Interactive Brokers is quite different than other brokers. Because they started their business by serving institutional customers, even though they also serve retail customers now, they expect you to know what you’re doing. Many things you take for granted at other brokers are either not available or difficult to figure out. It isn’t for the faint of heart. Use Interactive Brokers only when you want a low rate and you can’t get it anywhere else.
How Much Can You Borrow?
Each broker sets the rules. The amount you can borrow is only determined by the value of the investments in your account. There’s no debt-to-income requirement. It can be 50% or 70% of the value of your taxable account but you probably shouldn’t borrow nearly as much anyway.
The biggest risk in a securities-based loan is that you borrowed too much and a market crash triggers forced selling at the bottom.
For example, the broker may require that 70% of your account value be greater than your outstanding loan at all times. Suppose you had $100,000 in your account and you borrowed $50,000, and after the market drops, your investments are worth only $70,000 now. 70% of $70,000 is $49,000, which is lower than your $50,000 loan outstanding. Now the broker can sell a part of your investments to pay down the loan, precisely when you don’t want to sell after a large drop in the market. The forced sale may trigger capital gains tax as well.
To guard against a 50% drop in the value of your investments, you probably shouldn’t borrow more than 30% of the account value. It helps if you have a balanced portfolio in your brokerage account that isn’t prone to a 50% drop to begin with. It also helps if you don’t carry the loan for a long period of time.
How Do You Draw From the Credit Line?
You may not be able to borrow right away after you sign up for the feature. Set up the account ahead of time and wait until you’re eligible.
Once the credit line is ready to use, you simply make a withdrawal to a linked bank account as needed. Or you can request a wire transfer. You pay interest only on the amount outstanding.
Is the Interest Deductible?
In general, the interest is NOT deductible. Interest on personal loans isn’t tax-deductible. Even if you use the loan to buy a home, the interest is still not tax-deductible when the home isn’t used as collateral for the loan.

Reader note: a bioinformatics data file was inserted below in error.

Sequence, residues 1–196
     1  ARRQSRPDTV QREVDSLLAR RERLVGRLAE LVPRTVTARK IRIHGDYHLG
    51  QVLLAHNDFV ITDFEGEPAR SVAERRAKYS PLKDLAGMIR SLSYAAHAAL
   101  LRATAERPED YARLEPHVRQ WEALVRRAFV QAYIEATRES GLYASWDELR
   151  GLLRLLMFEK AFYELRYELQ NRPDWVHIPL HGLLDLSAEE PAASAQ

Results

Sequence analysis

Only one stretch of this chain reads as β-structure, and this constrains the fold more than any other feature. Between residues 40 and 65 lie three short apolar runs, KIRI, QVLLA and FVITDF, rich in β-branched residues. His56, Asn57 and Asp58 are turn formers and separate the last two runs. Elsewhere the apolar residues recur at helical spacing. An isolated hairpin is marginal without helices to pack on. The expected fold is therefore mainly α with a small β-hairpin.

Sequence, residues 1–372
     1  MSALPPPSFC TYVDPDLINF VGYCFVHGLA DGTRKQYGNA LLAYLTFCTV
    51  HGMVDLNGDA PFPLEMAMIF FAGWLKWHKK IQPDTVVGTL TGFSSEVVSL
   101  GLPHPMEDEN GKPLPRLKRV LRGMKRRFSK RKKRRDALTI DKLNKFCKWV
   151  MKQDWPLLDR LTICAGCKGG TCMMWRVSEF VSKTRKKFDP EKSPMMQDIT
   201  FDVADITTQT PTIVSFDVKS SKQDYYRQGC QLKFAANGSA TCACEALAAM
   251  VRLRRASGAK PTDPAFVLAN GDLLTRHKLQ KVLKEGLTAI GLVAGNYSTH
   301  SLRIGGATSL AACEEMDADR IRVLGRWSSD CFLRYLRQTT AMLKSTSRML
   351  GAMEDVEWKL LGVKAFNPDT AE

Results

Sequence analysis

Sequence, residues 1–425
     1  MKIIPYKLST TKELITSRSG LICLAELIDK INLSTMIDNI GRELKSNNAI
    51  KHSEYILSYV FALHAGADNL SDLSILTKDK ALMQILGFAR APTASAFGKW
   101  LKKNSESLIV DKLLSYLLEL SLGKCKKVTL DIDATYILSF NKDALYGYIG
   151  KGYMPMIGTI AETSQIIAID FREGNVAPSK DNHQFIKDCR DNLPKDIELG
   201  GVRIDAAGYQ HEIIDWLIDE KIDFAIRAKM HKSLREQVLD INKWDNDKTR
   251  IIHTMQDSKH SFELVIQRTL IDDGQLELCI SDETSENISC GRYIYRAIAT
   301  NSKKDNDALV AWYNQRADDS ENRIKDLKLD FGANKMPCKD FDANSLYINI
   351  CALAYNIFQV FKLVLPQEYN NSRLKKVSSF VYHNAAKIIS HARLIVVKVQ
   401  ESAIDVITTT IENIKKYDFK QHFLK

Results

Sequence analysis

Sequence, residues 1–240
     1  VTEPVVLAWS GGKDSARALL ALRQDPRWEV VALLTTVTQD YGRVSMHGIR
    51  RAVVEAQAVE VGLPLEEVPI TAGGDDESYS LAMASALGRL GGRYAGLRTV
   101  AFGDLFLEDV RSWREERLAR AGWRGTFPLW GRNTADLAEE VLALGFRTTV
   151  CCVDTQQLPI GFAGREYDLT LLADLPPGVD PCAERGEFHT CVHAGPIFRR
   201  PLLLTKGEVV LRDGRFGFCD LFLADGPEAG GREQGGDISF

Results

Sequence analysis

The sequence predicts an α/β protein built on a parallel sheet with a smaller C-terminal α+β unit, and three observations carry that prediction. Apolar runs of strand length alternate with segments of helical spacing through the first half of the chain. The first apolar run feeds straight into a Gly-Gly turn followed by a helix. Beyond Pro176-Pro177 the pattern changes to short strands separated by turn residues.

If you have a margin loan and you use it to buy additional securities, which isn’t what we’re talking about here, the interest is deductible up to your net investment income but only if you itemize deductions. Because most people don’t itemize, the interest ends up not getting deducted anyway.
Do You Need to Make Payments?
You may need to make monthly interest-only payments when you have the loan through a bank affiliated with the broker. When you have a margin loan through Fidelity or Interactive Brokers, the debit balance just compounds within your account. In either case, you can pay down the loan at any time.
Short Box Spread
If you can’t get a good rate from your broker and you don’t want to move to Interactive Brokers, you can also borrow against your taxable investments by selling short box spreads.
You’re effectively borrowing from the market participants. The market sets the rate, not your broker. It works at any broker and you don’t have to move your account. See Short Box Spread Trade vs Margin Loan.
Excessive borrowing is risky but borrowing prudently at a low rate can make many things a lot easier. If you have a large taxable account, learn from the ultra-rich and put it to good use. You end up saving money in many cases.